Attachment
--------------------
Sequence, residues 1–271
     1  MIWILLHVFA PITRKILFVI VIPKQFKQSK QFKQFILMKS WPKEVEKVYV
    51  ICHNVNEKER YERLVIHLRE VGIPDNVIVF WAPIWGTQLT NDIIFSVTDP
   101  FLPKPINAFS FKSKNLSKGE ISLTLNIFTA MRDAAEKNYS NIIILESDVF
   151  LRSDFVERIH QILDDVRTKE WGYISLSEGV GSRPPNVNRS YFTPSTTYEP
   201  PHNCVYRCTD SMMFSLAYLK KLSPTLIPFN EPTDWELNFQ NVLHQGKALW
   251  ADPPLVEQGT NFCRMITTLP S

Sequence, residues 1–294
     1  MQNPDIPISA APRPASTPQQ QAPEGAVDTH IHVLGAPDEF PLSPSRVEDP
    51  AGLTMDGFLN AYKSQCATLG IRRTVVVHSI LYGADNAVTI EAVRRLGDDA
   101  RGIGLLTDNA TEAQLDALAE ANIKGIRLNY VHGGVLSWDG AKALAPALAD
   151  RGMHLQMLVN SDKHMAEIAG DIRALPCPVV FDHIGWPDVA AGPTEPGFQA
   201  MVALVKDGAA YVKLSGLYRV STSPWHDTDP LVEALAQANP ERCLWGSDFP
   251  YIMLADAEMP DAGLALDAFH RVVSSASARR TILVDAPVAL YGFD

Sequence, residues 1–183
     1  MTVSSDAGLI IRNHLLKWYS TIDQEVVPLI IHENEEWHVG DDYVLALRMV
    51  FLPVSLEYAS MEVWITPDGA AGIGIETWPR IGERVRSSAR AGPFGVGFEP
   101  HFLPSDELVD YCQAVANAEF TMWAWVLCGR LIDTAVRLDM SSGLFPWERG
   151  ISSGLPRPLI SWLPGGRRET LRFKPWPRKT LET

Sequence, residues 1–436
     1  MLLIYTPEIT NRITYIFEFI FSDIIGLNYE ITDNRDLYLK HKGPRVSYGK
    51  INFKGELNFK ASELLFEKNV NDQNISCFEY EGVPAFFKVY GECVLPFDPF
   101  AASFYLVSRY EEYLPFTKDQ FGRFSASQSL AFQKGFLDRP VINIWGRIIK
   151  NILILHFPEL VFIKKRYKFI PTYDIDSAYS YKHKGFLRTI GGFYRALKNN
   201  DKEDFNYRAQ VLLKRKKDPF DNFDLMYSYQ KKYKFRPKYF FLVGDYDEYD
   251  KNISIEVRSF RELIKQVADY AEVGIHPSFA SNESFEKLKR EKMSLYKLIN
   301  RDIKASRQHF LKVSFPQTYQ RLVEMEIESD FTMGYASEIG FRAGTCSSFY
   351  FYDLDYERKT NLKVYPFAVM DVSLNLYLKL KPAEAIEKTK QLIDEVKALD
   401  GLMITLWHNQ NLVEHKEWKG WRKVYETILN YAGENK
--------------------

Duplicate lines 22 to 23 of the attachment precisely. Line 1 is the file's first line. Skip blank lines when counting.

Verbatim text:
    51  INFKGELNFK ASELLFEKNV NDQNISCFEY EGVPAFFKVY GECVLPFDPF
   101  AASFYLVSRY EEYLPFTKDQ FGRFSASQSL AFQKGFLDRP VINIWGRIIK